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Tabletop Tuesday: Player Characters Keep It Interesting

D&D Party Planning by CarmenSinekNot long ago, I wrote about how important it is to be able to improvise when running a tabletop roleplaying game, whether the genre is fantasy, sci-fi, or something altogether different. This is because players are, above all, mad creatures who do not listen to either reason or instructions. If there is room in your plot for them to wander aimlessly in the wrong direction, they absolutely will. Having played various roleplaying games over the past ten years, both as a player and a GM, I’ve managed to amass a collection of stories that defy all logic and, as part of my ongoing therapy from the abuse my plots have received at the hands of neglectful players, I am going to share one of the maddest with you.

During a Pathfinder campaign I ran during my university days, I sent the party on a bit of an escort mission. Their task was to transport two elven brothers from point A to point B, which would take them through a reasonable sized city. The name of the city escapes me these many years later, but it was filled with side quests for the party to get involved in. A case of mistaken identity. The revelation of a long-lost relative for one of the PCs. A bit of insight into the nature of their greatest enemy. All were available for them to find and take part in, designed and planned by me to give them a break from the heavy “Save the World” plotline they had found themselves in. And it all would have come together, if it wasn’t for one player.

Bazaar of the Bizarre by Patri BalanovskySee, these brothers the party were transporting were, by their own admission, used to the better things in life. They spent their youth adventuring and had amassed a sizable fortune and intended to use it as foolishly as possible. They insisted on packing enough to ensure they would not have to wear the same clothes or drink the same wine on any two days of the journey, requiring an entire cart to themselves. This did not sit well with Rit, the elven ranger who could not abide by such frivolity. He decided, in his infinite wisdom, to take the brothers’ clothes out of their cart, put it into a pile in an alley between two buildings, and soak it in the brothers’ wine.

Wine that I had described as highly flammable.

Buildings that I had described as primarily wood.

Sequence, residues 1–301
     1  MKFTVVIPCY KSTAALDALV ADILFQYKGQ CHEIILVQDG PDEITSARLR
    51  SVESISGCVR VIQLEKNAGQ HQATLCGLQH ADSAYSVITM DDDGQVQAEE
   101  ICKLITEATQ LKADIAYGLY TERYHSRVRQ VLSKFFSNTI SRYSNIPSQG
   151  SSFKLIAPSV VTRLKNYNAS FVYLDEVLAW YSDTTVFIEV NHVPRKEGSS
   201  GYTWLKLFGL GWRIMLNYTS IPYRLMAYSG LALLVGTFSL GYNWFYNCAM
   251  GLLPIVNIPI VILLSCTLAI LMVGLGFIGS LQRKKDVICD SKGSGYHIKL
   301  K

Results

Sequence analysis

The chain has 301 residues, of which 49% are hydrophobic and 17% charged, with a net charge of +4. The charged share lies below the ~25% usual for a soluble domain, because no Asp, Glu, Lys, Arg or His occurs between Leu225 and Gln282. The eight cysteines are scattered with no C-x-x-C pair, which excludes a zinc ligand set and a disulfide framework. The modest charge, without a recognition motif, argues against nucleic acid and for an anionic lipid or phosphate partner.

One thing led to another and, after setting the clothes ablaze, Rit quickly found himself faced with a fire he could not extinguish with his current skills. So, being a great adventurer, he did precisely what he did best: he ran away and let someone else deal with it.

After a few minutes, the party (minus Rit who had caused the whole mess) were fleeing from the guards. They used a lightning spell on those who chased on foot and a grease spell to trip the horses of those who were mounted. They were confused as to why they were being blamed for the fire and concerned that their ranger companion was nowhere to be found. Still, they escaped from the commotion with their lives intact and determined to continue on with their mission to save the world.

Mercenary by Alexandr MalexRit, however, was not done. Seeing the chaos that he had caused, he wanted to make amends. Before meeting up with his companions, he crept back into the city to observe the madness he had wrought. Seeing a crowd of people franticly trying to put out the growing fire spreading across the city, he wanted nothing more than to apologise. To express the guilt that he felt at causing so much destruction to innocent lives. He wrote a note saying how he never meant for any of this to happen and that he was sorry. Being a ranger, he knew the best way to deliver the message without risk them attacking him in retaliation.

What follows is a conversation I cannot forget, no matter how hard I try.

Rit’s Player: “I’m going to tie the note to an arrow and fire it into the crowd.”

Me: “… What?”

Rit’s Player: “I’m going to tie the note to an arrow…”

Me: “Okay. I am with you so far.”

Rit’s Player: “…and fire it into the crowd.”

Me: “… What?”

So, having written a note apologising to them, the brave adventurer delivered it via bow, hitting a man who was remarkably confused by the mixed messages he was receiving.

It was at this point that it became clear that I was probably not going to be able to play out any of the side quests I had written. Notes were crumpled. Files were deleted. Players were stared at in stunned silence as the table howled with laughter around me.

The Life of Soth by Ben Wootten and Keith ParkinsonAnd, as frustrated as I was on one level, I was soon laughing along with them. They were my friends, after all, and they were having a great time. Which is the point of gaming, either around the table or on a computer. True, I wasn’t able to use those plot lines for the campaign and needed to improvise for a few weeks while they powered toward the main plot, but I have used them in other campaigns so they were never truly lost. Everyone was having fun, telling a story together about a ragtag group of misfits who tried to save the world. I even used the incident to develop Rit’s character, having his god appear to him and threaten him if he didn’t start thinking before he acted, adding more depth to his story and giving him a search for redemption. It was crazy and mad and remains one of my favourite moments as a gamer.

Got a story of players doing something crazy? Have you done something that left your GM speechless? Let us know in the comments or on Facebook! Here at Fantasy-Faction, we love a good tabletop tale.

Title image by CarmenSinek.

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